Closely related to the Onix hatchback that was introduced last October, the Prisma slots in towards the bottom of the Chevrolet lineup and competes against well-established sedans like the Volkswagen Voyage and the Toyota Etios.
Visually, the car borrows a healthy dose of styling cues from other members of Chevrolet's global lineup, including the aforementioned Onix and the Spin minivan. Chevy explains that the car's overall look is inspired by both economy sedans and sports cars.
"It's what we call a sports sedan," affirmed Carlos Barba, the design director for General Motors of South America.
To cater to a tech-focused target audience, well-equipped trim levels come with rear parking sensors and Chevrolet's touch screen-based MyLink infotainment system. Power steering, ABS and electronic traction control are also available.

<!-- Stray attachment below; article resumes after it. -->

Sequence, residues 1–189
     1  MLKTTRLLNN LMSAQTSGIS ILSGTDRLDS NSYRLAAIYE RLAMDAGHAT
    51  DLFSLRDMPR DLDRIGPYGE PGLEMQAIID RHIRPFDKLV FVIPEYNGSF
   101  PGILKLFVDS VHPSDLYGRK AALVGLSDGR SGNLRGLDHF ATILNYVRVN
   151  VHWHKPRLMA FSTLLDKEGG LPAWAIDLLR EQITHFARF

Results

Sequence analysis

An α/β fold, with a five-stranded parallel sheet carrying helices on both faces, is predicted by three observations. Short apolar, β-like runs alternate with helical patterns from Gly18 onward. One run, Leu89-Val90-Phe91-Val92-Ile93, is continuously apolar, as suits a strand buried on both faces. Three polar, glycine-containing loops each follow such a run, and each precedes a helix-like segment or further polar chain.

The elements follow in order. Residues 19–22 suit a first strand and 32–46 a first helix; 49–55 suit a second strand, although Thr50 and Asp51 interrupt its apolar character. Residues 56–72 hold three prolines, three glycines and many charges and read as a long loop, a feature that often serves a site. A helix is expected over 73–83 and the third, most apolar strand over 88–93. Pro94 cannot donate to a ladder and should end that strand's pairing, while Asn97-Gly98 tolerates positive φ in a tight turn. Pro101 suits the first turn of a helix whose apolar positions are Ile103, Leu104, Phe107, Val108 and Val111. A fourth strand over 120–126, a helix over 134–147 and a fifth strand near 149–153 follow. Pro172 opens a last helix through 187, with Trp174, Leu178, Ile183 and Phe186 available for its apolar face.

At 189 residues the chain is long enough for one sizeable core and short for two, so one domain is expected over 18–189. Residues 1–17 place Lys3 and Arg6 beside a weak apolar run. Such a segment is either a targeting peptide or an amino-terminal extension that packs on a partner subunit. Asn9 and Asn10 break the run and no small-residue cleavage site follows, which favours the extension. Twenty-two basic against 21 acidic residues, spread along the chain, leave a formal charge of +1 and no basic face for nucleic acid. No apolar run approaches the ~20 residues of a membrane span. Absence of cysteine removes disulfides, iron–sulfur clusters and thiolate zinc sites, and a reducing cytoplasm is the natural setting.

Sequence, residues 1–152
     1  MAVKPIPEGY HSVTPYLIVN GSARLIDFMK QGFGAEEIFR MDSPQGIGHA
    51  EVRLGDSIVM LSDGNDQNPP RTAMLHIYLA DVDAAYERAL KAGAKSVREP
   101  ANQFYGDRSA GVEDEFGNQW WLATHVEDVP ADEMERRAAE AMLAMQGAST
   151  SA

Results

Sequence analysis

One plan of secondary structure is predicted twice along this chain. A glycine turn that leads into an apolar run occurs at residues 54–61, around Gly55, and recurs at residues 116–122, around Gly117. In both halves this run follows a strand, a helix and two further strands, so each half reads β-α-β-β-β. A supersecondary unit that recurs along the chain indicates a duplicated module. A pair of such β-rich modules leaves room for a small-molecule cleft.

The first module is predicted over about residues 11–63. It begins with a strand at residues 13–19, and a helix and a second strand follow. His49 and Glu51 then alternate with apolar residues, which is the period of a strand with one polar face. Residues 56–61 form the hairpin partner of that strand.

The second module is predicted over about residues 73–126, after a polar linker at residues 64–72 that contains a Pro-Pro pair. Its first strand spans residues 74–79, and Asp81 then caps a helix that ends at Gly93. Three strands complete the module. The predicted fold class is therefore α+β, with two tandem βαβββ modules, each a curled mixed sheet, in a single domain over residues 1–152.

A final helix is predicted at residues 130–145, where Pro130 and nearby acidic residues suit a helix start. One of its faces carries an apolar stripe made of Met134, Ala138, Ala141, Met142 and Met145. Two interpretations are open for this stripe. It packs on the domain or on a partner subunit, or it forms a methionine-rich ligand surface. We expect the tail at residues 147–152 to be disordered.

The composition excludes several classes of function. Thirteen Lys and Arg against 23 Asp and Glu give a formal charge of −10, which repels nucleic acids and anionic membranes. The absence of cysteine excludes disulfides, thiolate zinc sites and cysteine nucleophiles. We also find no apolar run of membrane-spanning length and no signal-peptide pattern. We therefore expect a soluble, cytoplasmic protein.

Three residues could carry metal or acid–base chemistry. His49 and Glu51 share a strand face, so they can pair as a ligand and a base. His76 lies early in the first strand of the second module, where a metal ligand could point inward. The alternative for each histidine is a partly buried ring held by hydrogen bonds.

Like the Onix, the Prisma is offered with a 1.0-liter four-cylinder engine that is rated at 80 horsepower and a 1.4-liter four-banger that makes 106 ponies. Both engines send power to the front wheels via a five-speed manual transmission, but the bigger unit is available with an optional six-speed automatic transmission.
As is the norm in Brazil, both mills can burn either ethanol or gasoline. When burning ethanol, the 1.4-powered Prisma can sprint from zero to 62 mph in 10.7 seconds. The 1.0-liter variant performs the same task in 13 seconds.
Together, the Onix and the Prisma spearhead a major product expansion for Chevrolet's Brazil-based division.
"The launch of the 2013 Prisma represents one of the biggest investments in the 88-year history of GM in Brazil. There were more than five billion Brazilian Reais (about $504 million) used in the expansion and modernization of our factories," said the firm in a statement.
After landing in showrooms across Brazil, the Prisma will be sold in a variety of neighboring countries but it will not make its way to Europe or to the United States.